The road was a ribbon linking the present with the past.
July 30, 2014
A VG Serial: Jory Sherman’s Hills of Eden
He pulled the pickup over to the curb and got out, taking his cane with him. He went inside. The soda fountain was still there. An old couple ran it. No young girls to wait tables or help shoppers. Just an old man and an old woman.
He sat at the counter on a reupholstered stool and ordered a Coke float. The old woman looked at him oddly when she set the glass in front of him, plopped a long handled spoon into the bottom scoop of ice cream.
“Here you are, Mister,” she said. “What brings you to town?”
“Used to live here,” he said.
“We been here since eighty-nine.”
“Long before that,” he said.
“Town’s changed a heap,” she said, wiping a cloth across the edge of the formica counter.
“Yes. Since I was here it’s changed. I just ran into an old classmate.”
“What’s his name?”
“Not a he, a she, Marianne,” he said. “Marianne Vester.”
The woman stopped wiping and her eyes widened.
“Vester, you say?”
“Yes, Marianne Vester.”
“Where’d you run into her?”
“Up at the school. In the schoolyard.”
“That can’t be,” she said.
“Unless they’s two of ‘em. They was a Marianne Vester died here last week. Suicide, they say. Lived in that old ramschackle house acrost from the school. That the one?”
He looked at the woman, who was eying him as if he was disturbed.
“No, I guess not,” he said.
“No, I surely guess not,” she said, and walked away as if he had some incurable communicable disease. He stirred his float and drank it slowly, the vanilla tasteless, the Coke stinging his tongue. He looked out the window at the intersection, the traffic light that had not been there sixty years earlier. He looked out at an old dead town with empty eyes. He paid for the float and walked outside onto a street where he had once ridden his horse in a parade, and where his father had been mayor, his mother a barfly. He had run away from home when he turned 16 and had not come back until now.
He wished he had stayed in San Francisco where he now lived.
“Thomas Wolfe was right,” he said to no one. “You can’t go home again.”
He looked at the town clock. It had been broken back when he was a boy, the hands stuck on the numeral 12. That had not changed. No one had fixed the clock, and there had been a saying back then. “In Cedar Shade, it’s always high noon or midnight.” Or, it was a place where time not only stood still; it had no meaning. Time was static. It was not a river that flowed in only one direction. Time was just one part of the universe captured and warped by the dark matter surrounding it. He felt enclosed in that vacuous cylinder now, lost to time, lost somewhere in that dark region of the universe that no one could see, no one could measure.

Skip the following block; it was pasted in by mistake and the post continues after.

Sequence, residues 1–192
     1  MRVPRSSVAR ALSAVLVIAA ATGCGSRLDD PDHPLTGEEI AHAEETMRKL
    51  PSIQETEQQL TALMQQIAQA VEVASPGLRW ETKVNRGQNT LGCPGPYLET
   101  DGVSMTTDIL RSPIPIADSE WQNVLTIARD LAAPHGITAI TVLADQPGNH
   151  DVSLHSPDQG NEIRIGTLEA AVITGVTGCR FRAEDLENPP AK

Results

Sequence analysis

Yet he felt a connection to Leone, to the town where he had once lived, even though he suspected it might have been an illusion, part of a dream that lingered in is mind. Maybe, he thought, he would always be a part of this old town. Once connected, always connected, even if separated from that something that had drawn him to revisit Cedar Shade after so many years.
Maybe, he thought, we are always connected to everything and everyone that ever happened in our lives. Maybe we become part of all that, and all that becomes part of us.
Maybe, he thought, we never really leave home, or if we do, we take some part of it with us.
And, maybe, he thought, as he turned the key in the Ford’s ignition, we always do come home again and maybe we must come home again. Even if everything we know is only an illusion, something that occurs in one of the parallel universes that are always hidden, always unseen.
The engine drowned out his last thought and he drove away from Cedar Shade, up through the hills and limestone bluffs to Springfield, Missouri and west to San Francisco.
“I’m glad we finally got out of that town,” a voice said from the back seat.
Startled, Thad turned his head and looked into the back seat.
There was no one there.
He shivered in the sudden chill, and drove on, the road like a black ribbon linking the past to the present.
Back home in another time and another place that now seemed to exist only in his imagination. Like Cedar Shade, and carol, and Marianne.
Hills of Eden will be published every Monday, Wednesday, and Friday.
Please click the title, Hills of Eden, to read more about Jory Sherman and his books.